The second theme is that of deregulation. Prisons are very rule bound, it comes with the territory. So seen from the standpoint of relaxing an overly detailed and controlling regime it might be tempting to see progress in calls for greater autonomy for prison governors and reductions in bureaucracy. In closed institutions there is a risk that mechanisms for accountability and monitoring may be lost. However, what counts here is creating a prison system fit for privatisation. This requires a bonfire of red tape and regulation to enable the assets in the prison estate to be realized in full and profitability to be created.
To create a market you also need to be able to find some measurement of performance to support the commodification process. As has been seen in the education system, league tables have never really been about monitoring student welfare and progress, but about measuring one school against another to encourage a market to emerge. Measuring prisons against each other will create a market that companies can participate in. The proposal for local management begins to break the state system into smaller units that can be sold or contracted out separately.
Beyond the construction and management of nine new prisons, the community punishment market is another arena ripe for expansion. Cameron committed to a national roll out of satellite tracking by the end of the parliament. Offered as a progressive ‘alternative’ to custody, in the past community sentences have at best slowed the growth of imprisonment rates, and at worst served to expand the criminal justice system. There are also ongoing concerns about the role of the private sector in the delivery of electronic monitoring, for example, the recent Serious Fraud Office investigations into overcharging by G4S and Serco.
These themes tee up the system for an expansion of prisons and the wider criminal justice system in the context of the long economic recession that started back in 2008. The life histories and characteristics of those people who end up in prison tells us a great deal about what it is that criminal justice really does. Nine in ten people in prison show signs of a mental health problem, and over two thirds have two or more disorders. An estimated 20–30 percent have learning disabilities or difficulties that interfere with their ability to cope with contact with any kind of authority or administration. Three in ten have suffered childhood abuse and just under half came from homes in which they either experienced or witnessed violence. More than 20 per cent have spent time in care – and unsurprisingly post-traumatic stress disorder is a marked feature of the population. 15 per cent were homeless immediately prior to incarceration, with one in ten sleeping rough; just under two thirds have drug problems. One third do not even have a bank account. Over a quarter are from black and minority ethnic groups.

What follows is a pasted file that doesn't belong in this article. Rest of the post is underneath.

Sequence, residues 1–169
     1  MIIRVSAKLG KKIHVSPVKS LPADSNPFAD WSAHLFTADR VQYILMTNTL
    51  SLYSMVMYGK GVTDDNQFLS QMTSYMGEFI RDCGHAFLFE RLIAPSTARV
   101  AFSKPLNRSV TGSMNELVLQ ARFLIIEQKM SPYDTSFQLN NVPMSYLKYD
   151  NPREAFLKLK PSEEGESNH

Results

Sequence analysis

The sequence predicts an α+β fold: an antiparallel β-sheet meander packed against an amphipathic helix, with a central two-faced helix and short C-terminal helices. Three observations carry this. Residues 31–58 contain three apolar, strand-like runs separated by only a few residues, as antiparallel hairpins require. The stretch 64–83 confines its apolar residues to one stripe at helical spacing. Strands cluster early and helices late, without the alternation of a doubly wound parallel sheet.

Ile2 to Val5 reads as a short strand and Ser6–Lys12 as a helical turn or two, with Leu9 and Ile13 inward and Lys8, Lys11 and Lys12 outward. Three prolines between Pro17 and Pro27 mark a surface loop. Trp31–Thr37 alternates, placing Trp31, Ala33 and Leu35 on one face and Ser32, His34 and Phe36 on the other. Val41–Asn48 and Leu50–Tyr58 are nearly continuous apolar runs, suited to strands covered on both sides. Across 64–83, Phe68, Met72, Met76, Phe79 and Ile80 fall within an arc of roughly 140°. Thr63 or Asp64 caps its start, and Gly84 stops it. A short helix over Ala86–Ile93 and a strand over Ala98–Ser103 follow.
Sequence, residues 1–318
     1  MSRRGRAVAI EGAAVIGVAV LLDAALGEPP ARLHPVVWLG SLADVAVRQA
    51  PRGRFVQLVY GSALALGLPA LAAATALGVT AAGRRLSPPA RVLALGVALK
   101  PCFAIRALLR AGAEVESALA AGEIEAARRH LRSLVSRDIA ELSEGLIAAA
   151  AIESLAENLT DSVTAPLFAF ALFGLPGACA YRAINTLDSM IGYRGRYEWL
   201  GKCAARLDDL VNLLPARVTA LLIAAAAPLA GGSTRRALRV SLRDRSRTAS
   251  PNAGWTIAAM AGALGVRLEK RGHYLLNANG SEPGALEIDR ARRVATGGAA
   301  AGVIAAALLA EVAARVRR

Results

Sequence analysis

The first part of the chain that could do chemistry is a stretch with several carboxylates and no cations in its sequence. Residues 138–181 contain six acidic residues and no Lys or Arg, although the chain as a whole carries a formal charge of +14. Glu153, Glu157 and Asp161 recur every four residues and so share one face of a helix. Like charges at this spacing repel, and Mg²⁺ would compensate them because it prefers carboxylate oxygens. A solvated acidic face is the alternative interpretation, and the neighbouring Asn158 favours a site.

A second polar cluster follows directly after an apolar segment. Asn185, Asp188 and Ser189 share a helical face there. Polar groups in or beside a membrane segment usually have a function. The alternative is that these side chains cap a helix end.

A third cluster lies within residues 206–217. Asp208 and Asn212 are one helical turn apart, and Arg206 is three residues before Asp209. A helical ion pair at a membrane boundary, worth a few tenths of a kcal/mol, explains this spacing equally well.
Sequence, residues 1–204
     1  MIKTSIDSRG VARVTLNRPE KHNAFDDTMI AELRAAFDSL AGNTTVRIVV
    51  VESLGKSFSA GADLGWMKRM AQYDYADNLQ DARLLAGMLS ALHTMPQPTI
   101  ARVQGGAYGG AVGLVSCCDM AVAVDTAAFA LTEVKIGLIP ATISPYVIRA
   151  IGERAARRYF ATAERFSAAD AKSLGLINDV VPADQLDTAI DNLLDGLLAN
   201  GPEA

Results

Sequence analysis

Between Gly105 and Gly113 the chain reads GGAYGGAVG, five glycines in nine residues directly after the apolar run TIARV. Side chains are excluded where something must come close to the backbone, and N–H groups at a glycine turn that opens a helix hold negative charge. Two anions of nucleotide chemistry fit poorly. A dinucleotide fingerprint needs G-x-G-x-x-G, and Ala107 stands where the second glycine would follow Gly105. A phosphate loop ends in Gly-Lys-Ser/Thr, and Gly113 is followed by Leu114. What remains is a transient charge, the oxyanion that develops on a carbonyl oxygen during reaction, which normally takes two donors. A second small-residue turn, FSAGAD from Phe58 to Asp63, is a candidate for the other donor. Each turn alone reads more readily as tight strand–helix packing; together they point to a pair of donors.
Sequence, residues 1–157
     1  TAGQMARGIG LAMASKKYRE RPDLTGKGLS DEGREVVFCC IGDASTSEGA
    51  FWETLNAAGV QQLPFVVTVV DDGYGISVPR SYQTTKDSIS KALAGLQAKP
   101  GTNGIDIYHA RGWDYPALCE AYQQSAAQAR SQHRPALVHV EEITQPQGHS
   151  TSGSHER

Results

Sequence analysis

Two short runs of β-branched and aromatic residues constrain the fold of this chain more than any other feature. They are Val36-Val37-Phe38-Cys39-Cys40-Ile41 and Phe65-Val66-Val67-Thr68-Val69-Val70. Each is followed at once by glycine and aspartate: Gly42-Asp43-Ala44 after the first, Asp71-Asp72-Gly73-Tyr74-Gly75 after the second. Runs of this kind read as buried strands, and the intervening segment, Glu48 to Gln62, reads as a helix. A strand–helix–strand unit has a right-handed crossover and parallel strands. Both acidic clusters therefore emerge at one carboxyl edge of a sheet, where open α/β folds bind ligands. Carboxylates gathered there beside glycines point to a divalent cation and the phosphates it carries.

The violence of austerity has led to a growth in social harms experienced by growing numbers of the population. Following the financial crash of 2008, rates of homicide, suicide and also violence against women are all following an upward trend. In other words there is going to be greater demand for services that mop up the results of growing inequality and social harm.
During a prolonged period of welfare retraction, criminal justice has become the only truly universal social service of last resort. Prisons are harmful places; they are sites of concentrated poverty and trauma and have become holding pens for some of the most vulnerable members of society, who are also the people who are the most vulnerable to capture.
A public and political debate about prison conditions is certainly long overdue. However, the planned prison building programme and roll out of GPS tagging is primarily about increasing capacity within criminal justice against a backdrop of a decaying welfare state and drastic cuts to local services. These reforms will repeat many old mistakes, while adding some new ones. Mr Cameron’s seemingly progressive rhetoric is little more than a sugar-coating to what is likely to be a very toxic pill.
Will McMahon is Deputy Director and Rebecca Roberts is Senior Policy Associate at the Centre for Crime and Justice Studies
This article was first published on the openDemocracyUK website.